Photographs by Yeondoo Jung, Text by Julian Ott
In Evergreen Tower, the name of an apartment tower in eastern Seoul, Jung takes us into the living rooms of families living here for a series of portraits by the same name. They tell a story about the people who live in eerily similar living spaces and how individual lives have turned them into homes. These self-posed photographs share only a moment of their narratives, but unique characteristics give us clues about their entire lives. The camera does not come in too close, as if the families are not aware of how much of their home is revealed.
These block-like structures are the ideal homes for many of the people who are born or come here to Seoul to live out their dreams. In shelters that appear almost like mass-produced stages, how we play out our lives becomes part of our self understanding. We do this by decorating our home and lifestyle with props––instruments, clothes, TVs and chairs that we choose––that then turn around and tell us something again about ourselves. Everyone has their own standard of what is normal. As viewers, we wonder if we might be seeing things they do not see in themselves.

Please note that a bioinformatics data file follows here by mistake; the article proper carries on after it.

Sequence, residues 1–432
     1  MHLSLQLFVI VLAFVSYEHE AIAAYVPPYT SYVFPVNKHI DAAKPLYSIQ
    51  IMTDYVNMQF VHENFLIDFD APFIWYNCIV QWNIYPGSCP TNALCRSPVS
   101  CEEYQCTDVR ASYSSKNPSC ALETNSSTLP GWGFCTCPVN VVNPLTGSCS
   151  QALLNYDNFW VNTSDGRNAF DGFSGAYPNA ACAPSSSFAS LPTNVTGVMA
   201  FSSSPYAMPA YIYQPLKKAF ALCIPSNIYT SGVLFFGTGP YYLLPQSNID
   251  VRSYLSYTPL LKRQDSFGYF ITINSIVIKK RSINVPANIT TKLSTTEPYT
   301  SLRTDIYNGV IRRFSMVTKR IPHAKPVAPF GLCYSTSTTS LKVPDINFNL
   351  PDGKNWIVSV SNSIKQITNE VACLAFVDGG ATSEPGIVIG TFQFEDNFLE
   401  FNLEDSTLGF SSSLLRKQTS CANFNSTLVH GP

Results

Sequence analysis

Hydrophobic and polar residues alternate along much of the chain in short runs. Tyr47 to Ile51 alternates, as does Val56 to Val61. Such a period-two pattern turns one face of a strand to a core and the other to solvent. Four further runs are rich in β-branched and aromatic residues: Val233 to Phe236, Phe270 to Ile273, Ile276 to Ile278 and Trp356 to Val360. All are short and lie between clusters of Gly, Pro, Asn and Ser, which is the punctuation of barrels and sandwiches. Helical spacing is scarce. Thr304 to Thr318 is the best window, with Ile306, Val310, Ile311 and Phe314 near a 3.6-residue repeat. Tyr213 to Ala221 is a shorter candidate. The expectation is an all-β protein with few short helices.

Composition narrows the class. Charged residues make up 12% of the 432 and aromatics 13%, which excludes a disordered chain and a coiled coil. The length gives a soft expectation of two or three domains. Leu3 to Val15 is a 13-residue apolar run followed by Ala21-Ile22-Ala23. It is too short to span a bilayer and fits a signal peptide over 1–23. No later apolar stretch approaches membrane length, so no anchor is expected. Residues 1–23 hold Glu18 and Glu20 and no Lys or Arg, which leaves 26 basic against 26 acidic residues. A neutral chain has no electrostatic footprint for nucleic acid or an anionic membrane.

Nuclear-family apartment towers may not be unusual in all corners of the world, but in Seoul it is the ideal paradise for many. When the series was photographed in 2001, not only these homes but the families themselves represented a common dream. Today one might still find generations of family living under one roof, but in Evergreen Tower there is one mother, one father, and several children. The parents of the parents in these photos may have had six or seven siblings, but these families will only see several grandchildren as the birthrate in Korea has fallen to the lowest among developed countries.
Progress has not slowed in Korea, and while these kinds of apartment towers have not become any less common, more and more people are living alone amongst smaller stacks of apartments called “one-rooms” and “two rooms”. The ideal paradise is as much a question as it is an idea.
Evergreen Tower might seem like a document or even a social experiment using space as a controlled variable, but Jung’s work brings the viewer in touch with others’ lives through a process of empathy he himself experiences. Each of his artworks––diptychs, videos, installations or virtual realities––is a process of building a pathway into peoples’ lives. As participators play out a role and their actions start to form an image, we begin to see a relationship between the subject and the society they are a part of. The narrative and/or fantasy exists to help us empathize with and understand others’ way of living.
Jung has said that his work is a reflection of himself through others. A similar invitation seems to await us in Evergreen Tower where private space becomes a way to get to know people. Not too uncommonly, we do the same to know ourselves.